Investor appetite for UK equities continues to lag but funds industry still had one of its best years on record
- Investors continue to shun UK stocks in favour of global equities, according to the Investment Association
- Despite the pandemic, retail fund sales jumped to £30.8bn last year
- Assets held by IA members grew 11% to £9.4trn in the UK by the end of 2020
Cash held in funds investing in UK stocks has continued to fall as investors favoured global equities and bonds, according to a new report, despite a stellar year for the funds industry.
Assets in UK equities fell to a record low of 26 per cent by the end of 2020, according to new figures from trade body, the Investment Association (IA).
The fall is partly down to pandemic uncertainty and the effects of Brexit but also reflects a long-term trend of higher allocation to global equities and bond strategies.
Despite the pandemic, retail fund sales jumped to £30.8bn but investors are continuing to look abroad
Three quarters of equity assets are now invested overseas compared with just over 50 per cent a decade ago, while assets in overseas bonds are 55 per cent of all bond AUM in 2020.
Last year, net inflows into the IA Global sector hit £6.1billion, three times higher than the next highest selling region, North America.
Despite the crippling effects of the pandemic, the UK funds industry has enjoyed one of its best years, according to the IA’s latest Investment Management Survey.
Retail fund sales jumped to £30.8billion, making it the second highest year on record for net sales after 2017.
Despite steep falls in March 2020, total investor funds under management (FUM) reached a record £1.44trillion by the end of the year, up nine per cent from £1.32trillion in 2019.
Elsewhere, demand for greener investments has been a ‘standout development’ over the past year. Net retail sales into responsible investment funds reached £11.7billion, accounting for 38 per cent of total net retail sales.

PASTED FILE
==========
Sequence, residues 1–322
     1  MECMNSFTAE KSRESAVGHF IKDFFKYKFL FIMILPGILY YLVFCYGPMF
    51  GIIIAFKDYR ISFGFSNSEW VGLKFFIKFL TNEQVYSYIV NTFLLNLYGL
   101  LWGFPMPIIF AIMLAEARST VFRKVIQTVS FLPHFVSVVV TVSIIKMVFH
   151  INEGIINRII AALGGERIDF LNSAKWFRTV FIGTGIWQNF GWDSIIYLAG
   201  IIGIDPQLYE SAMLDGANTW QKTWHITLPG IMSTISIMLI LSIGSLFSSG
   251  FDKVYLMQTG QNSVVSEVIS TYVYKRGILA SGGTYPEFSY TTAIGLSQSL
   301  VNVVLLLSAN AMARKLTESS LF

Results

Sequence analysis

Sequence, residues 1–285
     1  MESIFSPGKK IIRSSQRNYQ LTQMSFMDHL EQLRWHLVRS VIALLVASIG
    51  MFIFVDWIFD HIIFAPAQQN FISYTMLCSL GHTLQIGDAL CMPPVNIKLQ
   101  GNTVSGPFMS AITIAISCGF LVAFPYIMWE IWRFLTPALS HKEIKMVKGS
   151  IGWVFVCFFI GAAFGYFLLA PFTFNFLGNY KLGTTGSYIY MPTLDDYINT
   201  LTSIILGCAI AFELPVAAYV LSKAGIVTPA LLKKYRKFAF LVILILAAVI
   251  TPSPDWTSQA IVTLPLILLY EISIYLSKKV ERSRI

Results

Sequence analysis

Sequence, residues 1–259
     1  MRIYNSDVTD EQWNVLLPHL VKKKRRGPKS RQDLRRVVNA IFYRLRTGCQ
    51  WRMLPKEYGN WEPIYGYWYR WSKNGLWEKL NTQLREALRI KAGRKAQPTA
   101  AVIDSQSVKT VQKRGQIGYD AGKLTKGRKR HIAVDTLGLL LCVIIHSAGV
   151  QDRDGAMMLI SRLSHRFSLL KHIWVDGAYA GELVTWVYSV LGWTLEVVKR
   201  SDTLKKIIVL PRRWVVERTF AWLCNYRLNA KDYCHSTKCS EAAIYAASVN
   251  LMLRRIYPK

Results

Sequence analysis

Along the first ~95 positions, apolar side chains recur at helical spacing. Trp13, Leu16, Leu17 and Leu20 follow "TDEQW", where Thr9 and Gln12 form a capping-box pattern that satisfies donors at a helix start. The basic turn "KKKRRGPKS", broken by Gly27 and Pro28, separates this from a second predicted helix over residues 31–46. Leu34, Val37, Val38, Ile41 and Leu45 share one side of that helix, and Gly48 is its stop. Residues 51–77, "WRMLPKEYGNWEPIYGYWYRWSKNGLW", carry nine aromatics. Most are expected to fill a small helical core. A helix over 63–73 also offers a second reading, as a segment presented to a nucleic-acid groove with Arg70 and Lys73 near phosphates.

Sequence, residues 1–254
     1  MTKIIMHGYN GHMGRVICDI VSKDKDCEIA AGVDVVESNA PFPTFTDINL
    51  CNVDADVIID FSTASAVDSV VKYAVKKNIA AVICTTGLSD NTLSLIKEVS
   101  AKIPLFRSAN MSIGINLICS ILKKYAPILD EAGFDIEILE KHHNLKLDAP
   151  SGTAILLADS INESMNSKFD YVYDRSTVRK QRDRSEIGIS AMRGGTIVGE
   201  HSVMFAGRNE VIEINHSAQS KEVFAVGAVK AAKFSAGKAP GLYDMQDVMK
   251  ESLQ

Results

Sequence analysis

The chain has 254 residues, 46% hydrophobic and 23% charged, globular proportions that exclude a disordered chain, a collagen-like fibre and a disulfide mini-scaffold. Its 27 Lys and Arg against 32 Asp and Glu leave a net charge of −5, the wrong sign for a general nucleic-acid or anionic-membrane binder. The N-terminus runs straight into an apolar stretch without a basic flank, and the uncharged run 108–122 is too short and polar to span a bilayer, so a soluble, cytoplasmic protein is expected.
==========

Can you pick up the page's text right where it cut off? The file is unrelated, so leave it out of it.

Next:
‘Investor appetite for environmentally conscious funds has been building over recent years but the pandemic brought social concerns to the fore,’ the IA said.
The UK remains the second largest investment management centre in the world behind the US and leads in Europe with a market share of 37 per cent – larger than the combined total of France, Germany and Switzerland.
AUM held by IA members grew 11 per cent to £9.4 trillion in the UK by the end of 2020, helped by decisive actions by central banks.
‘The investment management industry demonstrated its long termism through the pandemic by supporting the companies it invests in. The swift action of the central banks supported the global economy and the industry rallied to the cause, injecting over £22bn into businesses to help them ride out the storm,’ said IA chief executive Chris Cummings.
The UK also continues to be an attractive hub for overseas investment.
By the end of 2020, overseas client assets accounted for 44 per cent of total AUM, equivalent to £4.2trillion.
With the final transition out of the EU completed, the industry is well-set to build on its world class reputation which has already led to it managing £9.4trn of international clients’ funds,’ said Cummings.